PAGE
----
A new industrial water filter matches the strength of conventional models yet uses renewable resources. Could this reduce the environmental impact of industrial water processing?
Water filtration systems use specially designed aqua membranes to scrub water clean and make it useable. At the industrial level, these layers need to be able to work at high pressures, which is a difficult proposition for traditional filtration systems.
A purification membrane typically uses a polymeric network of covalent bonds, creating a robust surface that water can flow through. Yet polymeric layers aren’t renewable due to the difficulty of cleaning and recycling them. If the membranes were easily manufactured, cleaned, and reused, their sustainability would increase dramatically.
By contrast, supramolecular filtration systems are more sustainable, but they lack the strength necessary to work at the high pressures that industrial water filtration demands. Thanks to Israeli scientists at the Weizmann Institute of Science and collaborators from BASF, we may have overcome that limitation.#WeizmannInstituteofScience researchers created new membranes for water filtration.Click To Tweet
The researchers have combined two components of filtration membranes to form a hybrid that is strong enough for high-pressure situations but is also much easier to produce and recycle. This development could change the face of industrial waterworks.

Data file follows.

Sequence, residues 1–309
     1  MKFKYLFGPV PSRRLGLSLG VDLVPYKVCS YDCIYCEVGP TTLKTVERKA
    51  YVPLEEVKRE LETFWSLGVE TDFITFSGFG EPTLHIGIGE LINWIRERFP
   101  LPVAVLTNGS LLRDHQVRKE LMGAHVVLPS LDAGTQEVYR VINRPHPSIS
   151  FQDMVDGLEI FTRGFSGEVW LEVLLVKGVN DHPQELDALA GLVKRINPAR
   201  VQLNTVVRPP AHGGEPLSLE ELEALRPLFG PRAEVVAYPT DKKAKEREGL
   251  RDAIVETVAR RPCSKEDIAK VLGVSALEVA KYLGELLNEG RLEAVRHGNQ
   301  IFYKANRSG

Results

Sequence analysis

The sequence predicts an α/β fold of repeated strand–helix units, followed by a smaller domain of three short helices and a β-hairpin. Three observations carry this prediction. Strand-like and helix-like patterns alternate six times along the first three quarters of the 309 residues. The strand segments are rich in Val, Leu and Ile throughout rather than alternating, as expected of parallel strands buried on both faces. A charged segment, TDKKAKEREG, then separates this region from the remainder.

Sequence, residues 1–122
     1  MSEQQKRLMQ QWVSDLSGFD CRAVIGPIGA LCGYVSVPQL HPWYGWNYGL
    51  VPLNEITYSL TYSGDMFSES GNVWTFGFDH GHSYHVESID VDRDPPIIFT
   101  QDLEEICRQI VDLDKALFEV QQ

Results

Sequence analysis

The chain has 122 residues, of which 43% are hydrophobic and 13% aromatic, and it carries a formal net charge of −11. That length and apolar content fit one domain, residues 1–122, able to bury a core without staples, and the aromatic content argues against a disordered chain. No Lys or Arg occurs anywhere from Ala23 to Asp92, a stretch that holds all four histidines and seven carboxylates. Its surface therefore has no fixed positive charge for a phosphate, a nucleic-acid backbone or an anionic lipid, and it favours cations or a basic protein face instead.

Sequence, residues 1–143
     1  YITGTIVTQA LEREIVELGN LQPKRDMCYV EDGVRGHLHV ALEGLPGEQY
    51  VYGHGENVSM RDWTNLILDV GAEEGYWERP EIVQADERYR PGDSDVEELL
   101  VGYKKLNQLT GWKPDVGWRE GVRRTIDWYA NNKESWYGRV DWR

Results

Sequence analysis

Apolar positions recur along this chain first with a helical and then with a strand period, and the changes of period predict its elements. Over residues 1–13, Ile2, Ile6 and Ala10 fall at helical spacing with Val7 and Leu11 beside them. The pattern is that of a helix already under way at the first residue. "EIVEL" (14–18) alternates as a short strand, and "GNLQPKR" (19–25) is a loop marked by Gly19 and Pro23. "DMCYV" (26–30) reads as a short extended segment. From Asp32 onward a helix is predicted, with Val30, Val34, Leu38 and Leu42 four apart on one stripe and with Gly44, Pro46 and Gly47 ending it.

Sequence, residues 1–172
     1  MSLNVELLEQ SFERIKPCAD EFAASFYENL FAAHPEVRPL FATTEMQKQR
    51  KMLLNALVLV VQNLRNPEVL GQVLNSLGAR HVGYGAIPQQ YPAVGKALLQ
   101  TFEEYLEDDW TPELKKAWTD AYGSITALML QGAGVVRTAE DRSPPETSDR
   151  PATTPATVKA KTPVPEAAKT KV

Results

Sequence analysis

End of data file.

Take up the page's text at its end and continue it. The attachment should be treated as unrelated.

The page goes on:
Taking a Look at the new Aqua Membranes
Two critical materials were used to create the hybrid membrane: Nafion and a noncovalent PP2b network. Nafion is a sulfonate polyelectrolyte supported by a Teflon-like fluorocarbon backbone that has useful ion-exchange properties. The PP2b network is used to create materials that use water as their primary component to make renewable plastics that are every bit as strong as conventional ones.
The two materials were combined by depositing colloidal Nafion on a layer of PP2b. The resulting interaction created a robust material that was highly effective at removing toxic metals and small organic molecules from contaminated water. According to the researchers, “The Nafion layer acts as a membrane having the ion exchange properties, while the densifications of the PP2b appears to play a role in the size-selective rejection.”
The hybrid membrane handled high pressures with ease, and its disassembly for cleaning and recycling purposes was similarly easy.
What Does This Mean for the Future?
Industrial water processing facilities have been the prime target for sustainable technologies because they cause a lot of pollution. These factories use up a lot of water in their various processes, and the resulting contaminated water is a hazard that needs to be properly purified or disposed of. If that contaminated water can be filtered, it can be reused, so it is practically beneficial to find ways to clean it.
Until now, high-pressure situations made the job of water purification tough, but that doesn’t stop industrial facilities from operating. They have to make a choice between losing money on expensive purification processes or storage solutions that could be harmful to the environment. New aqua membranes take care of that problem by making the cleaning process possible at cheaper costs.
Renewable resources are the wave of the future. Hopefully, this new filter will help industries to keep a good level of production while doing less harm to the environment.